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Address to the Pink Ribbon Breakfast, Sydney

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Prime Minister Malcolm Turnbull

Address to the Pink Ribbon Breakfast, Sydney

26th October 2015

Well thank you very much Georgie. Lucy and I are really thrilled to be with you all today and I

want to echo Tamara's thanks to all of the supporters of the Pink Ribbon Breakfast. You know,

governments give an enormous amount of money to cancer research, as they should do, in fact,

since 2000 they have been 406 grants from the federal government, totalling more than $230

million for breast cancer research alone, through the NHMRC.

But, government's generosity, it's not really government's generosity, it’s government's duty is

one thing, the support generous individuals, like yourselves. Whether it is in a corporate form,

such as Macquarie Bank the lead sponsor, Nicholas Moore, Shemara Wikramanayake , here as

the leading figures from Macquarie Bank, thank you very much. But all the other supporters, Jack

Logan, your generosity.

I want to thank all of you, from my heart, because government’s money, a dollar from the

government buys as much as a dollar from an individual donor, from a philanthropist, it just buys

exactly the same.

But the difference is this, that when people decide to make a personal contribution, or they

decide that their business is going to make a contribution, it comes attached with it an element of

love, an element of advocacy, an element of personal commitment that is quite remarkable. And

so, a partnership between government, individuals, corporations, donations large, donations very

small, forms a great alliance, a real alliance.

And you can see the power of that. I mean if you look at the work of another great campaigner,

the great philanthropist herself, Nelune Rajapakse, here, what Nelune has done in raising money

for cancer treatment and cancer research for many, many years is a real inspiration to us all. So,

thank you all very much for your generosity and for your continued support.

Now, the main job I have today is to launch this report from the Australian Institute of Health and

Welfare. It’s called Breast Cancer in Young Women: the key facts about Breast Cancer in women

in their 20s and 30s.

Now this is the first national report to present key data which is specific to breast cancer among

young women at a national level. Helen Zorbas and I, the CEO of Cancer Australia, were just

talking about this just before I got up.

This is a very, very important piece of work and it’s going to raise awareness because it is, in

2015 alone, this year, it’s projected that 795 young women will be diagnosed with breast cancer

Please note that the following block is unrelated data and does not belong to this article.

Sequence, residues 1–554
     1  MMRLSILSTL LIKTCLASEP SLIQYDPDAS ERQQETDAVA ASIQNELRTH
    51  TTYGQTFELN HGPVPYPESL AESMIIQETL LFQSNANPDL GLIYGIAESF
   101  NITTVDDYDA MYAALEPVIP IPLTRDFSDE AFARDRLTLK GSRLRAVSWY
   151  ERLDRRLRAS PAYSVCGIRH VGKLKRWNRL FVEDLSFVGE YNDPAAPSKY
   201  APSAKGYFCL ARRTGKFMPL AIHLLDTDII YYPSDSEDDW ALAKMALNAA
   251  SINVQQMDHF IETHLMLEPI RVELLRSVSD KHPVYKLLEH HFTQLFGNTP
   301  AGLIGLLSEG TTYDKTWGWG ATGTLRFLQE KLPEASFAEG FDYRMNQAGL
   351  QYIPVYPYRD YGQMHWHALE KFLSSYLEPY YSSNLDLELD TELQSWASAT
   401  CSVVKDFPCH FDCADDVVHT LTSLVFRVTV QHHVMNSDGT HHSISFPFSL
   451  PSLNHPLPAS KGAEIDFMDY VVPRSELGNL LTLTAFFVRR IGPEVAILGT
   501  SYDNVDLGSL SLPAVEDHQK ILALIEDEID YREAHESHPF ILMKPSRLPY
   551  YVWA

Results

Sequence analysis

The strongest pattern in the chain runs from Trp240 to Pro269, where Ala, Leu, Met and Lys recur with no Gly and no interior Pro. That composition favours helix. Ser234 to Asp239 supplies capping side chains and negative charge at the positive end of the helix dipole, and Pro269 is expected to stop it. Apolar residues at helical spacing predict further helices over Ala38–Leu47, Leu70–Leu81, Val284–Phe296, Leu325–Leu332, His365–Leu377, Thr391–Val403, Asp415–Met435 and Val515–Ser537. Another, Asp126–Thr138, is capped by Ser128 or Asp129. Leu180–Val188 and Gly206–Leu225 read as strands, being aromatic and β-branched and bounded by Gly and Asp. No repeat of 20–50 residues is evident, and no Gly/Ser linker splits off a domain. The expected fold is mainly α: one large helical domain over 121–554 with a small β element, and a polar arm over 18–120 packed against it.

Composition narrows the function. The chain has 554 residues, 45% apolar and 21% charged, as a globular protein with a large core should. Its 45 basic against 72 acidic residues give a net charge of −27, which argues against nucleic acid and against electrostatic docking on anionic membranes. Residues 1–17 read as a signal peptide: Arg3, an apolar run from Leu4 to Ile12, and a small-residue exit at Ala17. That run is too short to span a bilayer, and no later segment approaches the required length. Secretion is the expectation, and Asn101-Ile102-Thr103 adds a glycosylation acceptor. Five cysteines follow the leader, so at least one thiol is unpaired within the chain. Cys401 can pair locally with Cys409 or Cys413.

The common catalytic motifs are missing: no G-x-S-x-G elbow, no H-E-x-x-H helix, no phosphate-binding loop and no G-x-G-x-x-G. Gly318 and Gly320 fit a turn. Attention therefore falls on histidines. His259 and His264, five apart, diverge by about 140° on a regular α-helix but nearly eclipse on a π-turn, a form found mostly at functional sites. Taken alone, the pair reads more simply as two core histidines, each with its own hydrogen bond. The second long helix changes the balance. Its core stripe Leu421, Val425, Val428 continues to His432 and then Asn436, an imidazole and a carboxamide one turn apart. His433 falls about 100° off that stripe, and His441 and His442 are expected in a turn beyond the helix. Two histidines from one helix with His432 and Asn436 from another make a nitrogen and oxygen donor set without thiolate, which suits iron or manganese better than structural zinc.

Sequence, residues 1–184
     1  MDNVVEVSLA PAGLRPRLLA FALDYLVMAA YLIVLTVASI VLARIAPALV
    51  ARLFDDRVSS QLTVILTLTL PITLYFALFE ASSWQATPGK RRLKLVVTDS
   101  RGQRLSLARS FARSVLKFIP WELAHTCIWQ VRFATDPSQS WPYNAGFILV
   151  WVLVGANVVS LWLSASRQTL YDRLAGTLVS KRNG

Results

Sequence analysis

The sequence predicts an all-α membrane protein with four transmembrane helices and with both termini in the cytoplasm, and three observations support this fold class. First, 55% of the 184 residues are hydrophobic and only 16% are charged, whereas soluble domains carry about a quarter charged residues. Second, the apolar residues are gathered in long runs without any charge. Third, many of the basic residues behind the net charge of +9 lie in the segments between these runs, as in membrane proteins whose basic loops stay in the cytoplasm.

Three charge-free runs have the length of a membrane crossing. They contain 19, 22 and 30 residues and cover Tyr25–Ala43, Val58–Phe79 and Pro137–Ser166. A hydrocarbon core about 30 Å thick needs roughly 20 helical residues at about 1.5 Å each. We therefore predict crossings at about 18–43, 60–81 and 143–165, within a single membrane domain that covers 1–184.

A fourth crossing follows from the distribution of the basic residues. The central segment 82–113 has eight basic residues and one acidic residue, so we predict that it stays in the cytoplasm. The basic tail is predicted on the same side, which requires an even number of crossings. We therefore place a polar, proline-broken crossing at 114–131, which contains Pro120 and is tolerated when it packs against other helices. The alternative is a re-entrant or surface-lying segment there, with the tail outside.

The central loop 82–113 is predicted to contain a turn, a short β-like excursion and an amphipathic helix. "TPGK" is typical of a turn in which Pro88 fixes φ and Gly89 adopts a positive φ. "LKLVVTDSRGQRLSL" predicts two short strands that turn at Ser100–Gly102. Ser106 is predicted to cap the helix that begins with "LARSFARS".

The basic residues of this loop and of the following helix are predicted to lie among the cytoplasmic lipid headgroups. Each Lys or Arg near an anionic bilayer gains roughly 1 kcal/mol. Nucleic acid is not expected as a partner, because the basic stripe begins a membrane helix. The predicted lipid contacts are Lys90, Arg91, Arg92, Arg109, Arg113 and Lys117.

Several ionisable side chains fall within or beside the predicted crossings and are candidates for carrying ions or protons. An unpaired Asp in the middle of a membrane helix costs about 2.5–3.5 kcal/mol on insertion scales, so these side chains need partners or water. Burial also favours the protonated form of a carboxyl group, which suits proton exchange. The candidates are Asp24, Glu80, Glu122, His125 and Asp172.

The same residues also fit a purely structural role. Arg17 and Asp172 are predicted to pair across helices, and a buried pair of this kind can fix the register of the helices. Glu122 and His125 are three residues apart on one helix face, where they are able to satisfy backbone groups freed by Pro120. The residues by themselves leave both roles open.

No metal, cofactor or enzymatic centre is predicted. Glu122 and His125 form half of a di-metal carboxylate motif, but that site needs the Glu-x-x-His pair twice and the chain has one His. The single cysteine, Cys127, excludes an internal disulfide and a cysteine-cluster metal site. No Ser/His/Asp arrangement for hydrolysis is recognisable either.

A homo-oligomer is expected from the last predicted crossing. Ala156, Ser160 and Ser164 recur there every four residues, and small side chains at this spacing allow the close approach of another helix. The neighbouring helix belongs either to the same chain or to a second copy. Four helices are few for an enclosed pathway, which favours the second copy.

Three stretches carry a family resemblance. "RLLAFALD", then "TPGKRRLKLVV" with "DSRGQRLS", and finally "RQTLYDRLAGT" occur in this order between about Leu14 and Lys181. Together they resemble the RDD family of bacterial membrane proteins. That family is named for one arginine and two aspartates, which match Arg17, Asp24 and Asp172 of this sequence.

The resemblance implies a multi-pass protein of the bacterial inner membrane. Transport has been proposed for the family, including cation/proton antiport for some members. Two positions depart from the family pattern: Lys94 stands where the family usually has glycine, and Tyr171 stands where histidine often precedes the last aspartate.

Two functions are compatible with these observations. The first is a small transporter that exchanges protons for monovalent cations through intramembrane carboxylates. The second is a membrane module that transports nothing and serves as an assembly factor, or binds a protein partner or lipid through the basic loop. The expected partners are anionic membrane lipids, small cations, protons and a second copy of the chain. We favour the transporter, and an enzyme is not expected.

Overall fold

and 65 will die from it, which is an average of two diagnoses a day and one death a week. Now,

while breast cancer occurs relatively rarely in young women, the number of young women

diagnosed with this disease each year is significant and thanks to this new report, for the first

time we have a picture of the impact of breast cancer on young Australian women.

Look it is, it is heartbreaking to contemplate the impact of breast cancer on any woman, let alone

young women. It’s heartbreaking to contemplate the way in which disease, cancers can interrupt

young lives, tear mothers away from their children.

It’s often uncomfortable to talk about but it does happen and we have to talk about it. The

awareness of breast cancer, the Pink Ribbon Breakfast and many other initiatives, the Jane

McGrath Foundation for example, all of these exercises don't simply raise money, which is very

important, without the money we can't have the research that finds the cures, without the money

we can't fund the facilities that enabled the treatment of cancer patients and their and the support

of their families be continuously improved but it also raises awareness. So it’s really important to

be upfront and open about these things.

Now, if we work together, we make sure that women, especially focusing today, young women,

are very aware, get the best advice. Be aware of their own bodies, be aware of how they can be

alert to symptoms so that they can get early treatment. And as we know the prognosis for breast

cancer which is detected early and treated is very good compared to what it was years ago. And

that’s in large part due to the work of scientists, Cancer Australia, philanthropists, all of you,

collective effort has changed the lives of so many cancer patients.

So this Pink Ribbon Breakfast is an important step every year in that campaign.

I want to thank you all very much for being here, I want to thank governments, particularly Jillian

Skinner our Health Minister in New South Wales herself an example of leadership over many

years and the determination to ensure that the people of this state are better cared for. And if I

may say so Jillian, an example to all of us in government, your combination of charisma,

confidence and competence is something that we should all aspire to.

So, thank you all very much and please remember the support you give buys no more than the

dollars from the government but it comes with your love and that is the most powerful thing of all.

Thank you very much